Friday, May 25, 2007

The courage of politicians

Lots of flack in the air over the Iraq funding vote by Democrats. Most of it well-deserved.

Lots of anger and frustration. Lots of promises to abandon the Democrats and/or run against them.

But few comments as useful as this from Paul at Alien & Sedition:
The single-best piece of advice for progressives is still Franklin Roosevelt's admonishment to that group of labor leaders who visited him in the Oval Office with a demand: "You have convinced me. Now go out and find a constituency and make me do it." This is the principle around which the entire conservative media and political edifice is built.

The lesson of the 2004 election was that the fortunes of a political movement cannot ride upon the fate of a presidential campaign; if anything, it should be the other way around.

Likewise, the fortunes of a political movement cannot be made dependant upon the courage of politicians. The point of a political movement is to make the courage of politicians irrelevant.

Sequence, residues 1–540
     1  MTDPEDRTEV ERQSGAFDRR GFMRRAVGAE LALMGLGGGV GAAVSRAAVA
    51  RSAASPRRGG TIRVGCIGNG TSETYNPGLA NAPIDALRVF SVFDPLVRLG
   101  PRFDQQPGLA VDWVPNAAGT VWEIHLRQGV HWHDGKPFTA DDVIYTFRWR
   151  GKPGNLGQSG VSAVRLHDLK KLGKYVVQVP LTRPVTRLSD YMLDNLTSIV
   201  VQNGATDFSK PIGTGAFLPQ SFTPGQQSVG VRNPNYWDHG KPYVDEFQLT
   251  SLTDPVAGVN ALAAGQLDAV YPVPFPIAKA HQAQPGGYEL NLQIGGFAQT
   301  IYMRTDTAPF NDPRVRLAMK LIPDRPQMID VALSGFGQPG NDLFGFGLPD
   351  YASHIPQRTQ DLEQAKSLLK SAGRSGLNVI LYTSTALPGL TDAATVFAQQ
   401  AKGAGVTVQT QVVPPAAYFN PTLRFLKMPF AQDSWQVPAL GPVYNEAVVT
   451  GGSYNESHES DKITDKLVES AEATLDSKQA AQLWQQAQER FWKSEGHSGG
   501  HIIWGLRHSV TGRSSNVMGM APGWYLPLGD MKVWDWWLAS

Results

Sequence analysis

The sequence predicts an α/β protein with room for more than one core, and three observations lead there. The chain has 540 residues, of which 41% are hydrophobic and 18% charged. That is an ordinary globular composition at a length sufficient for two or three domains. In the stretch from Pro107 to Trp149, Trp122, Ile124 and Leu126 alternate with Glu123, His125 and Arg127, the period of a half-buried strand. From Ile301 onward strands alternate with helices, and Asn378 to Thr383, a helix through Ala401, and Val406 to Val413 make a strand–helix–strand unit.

While "movement conservatism" crumbles, Democrats still quake like Dorothy & friends at the large, loud talking head, even though they know it's all a show by the party behind the curtain.

What the Iraq funding vote shows is that the Bushies' weakness is not the same as Democratic strength. Democrats won't find theirs in any wizard's black bag. What they lack is spine. Either they have it already or they don't.

But as Paul's Roosevelt story points out, that's their problem. Ours is to make their lack of spine irrelevant, to make them do the right thing in spite of themselves. Our job is to do that by supplanting dying movement conservatism with a viable, reformist movement progressivism. Our job is to build a bigger, better, more irresistible movement they cannot ignore.

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